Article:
The word connect is defined as: to join, link, or fasten together; unite or bind: to establish communication between; put in communication. A good meal can do a good job of connecting people, places and things. Many aspects of a good meal do not need a translator, meals communicates in a universal language that only requires an open mind.

For example, I recently tried Trinidadian food with my Brionna at Pam's Kitchen in University District in Seattle. If anyone gets the chance they should try this place out. As far as I know it is the only place that serves Trinidadian food in that area. In fact, Trinidadian cuisine is really a delicious derivative of Indian food. I could tell from the amount of Cumin, other tasty spices and the naan-type bread that was served. All things considered it was an awesome meal. Brionna was exceptional company (thank you for taking me here!). The restaurant felt like it belonged on the water in some faroff and away tropical locale. The food was incredibly delicious with an aroma teasing and goading me into devouring it which I happy obliged. Finally, there was the "sound", I really mean it when I say my friend made good company. I am always happy to see my friends as we have not hung out as we once did in college. If a picture is worth a thousand words, what would is a meal worth?

Coming back to my point of connect. Having these opportunities to go out to eat and have good meals with friends transport me places. When I hang out with my college friends at a good restaurant, it helps me to reminisce and try and relive those wonderful days in the Palouse at Washington State University. When I eat a big meal with family and our family friends it helps me to reconnect with my culture and to hear stories of the old times that I can otherwise only experience through books and film. Seattle is a great place for my habit. I can try new and exciting places to try and get a literal taste of other cultures and to put my bank account to work a little bit too. Many of the things that I do, like the meals I chase and crave, are not in fact a form of escapism, as some might think, from the civilized life but instead a way to connect with the world at large.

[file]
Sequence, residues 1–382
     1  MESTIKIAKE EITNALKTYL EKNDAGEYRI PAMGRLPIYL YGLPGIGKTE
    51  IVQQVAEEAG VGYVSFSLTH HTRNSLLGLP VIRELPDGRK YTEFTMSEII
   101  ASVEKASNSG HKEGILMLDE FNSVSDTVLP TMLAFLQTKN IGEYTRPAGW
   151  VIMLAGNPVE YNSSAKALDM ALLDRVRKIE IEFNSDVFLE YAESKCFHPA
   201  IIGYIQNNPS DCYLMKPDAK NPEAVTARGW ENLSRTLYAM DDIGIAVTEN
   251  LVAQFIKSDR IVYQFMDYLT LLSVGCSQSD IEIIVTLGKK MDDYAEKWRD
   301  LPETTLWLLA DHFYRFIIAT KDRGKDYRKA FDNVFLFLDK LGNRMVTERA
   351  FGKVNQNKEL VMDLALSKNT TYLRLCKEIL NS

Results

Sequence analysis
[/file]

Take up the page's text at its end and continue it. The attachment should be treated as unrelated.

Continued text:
I would like to conclude by addressing something I have not fully addressed to this point in my two posts. I see this blog as a means to convey my deepest gratitude of having the undeserving fortune of being able to enjoy good food, good friends and family, good films and living a more fulfilling life. Each post will focus on one of three things that I find the most connect; films, food and/or all around wonderful times with my loved ones.

One new connection at a time, one step before the next; that is how I am living my life.

Looking forward to writing my next post!
Next post: Film.
Pill #36/180

Since you (*wink, wink) asked:

Monday, June 28, 2010

Before the first step

"A journey of a thousand miles begins with a single step."
- Lao-tzu, The Way of Lao-tzu Chinese philosopher (604 BC - 531 BC)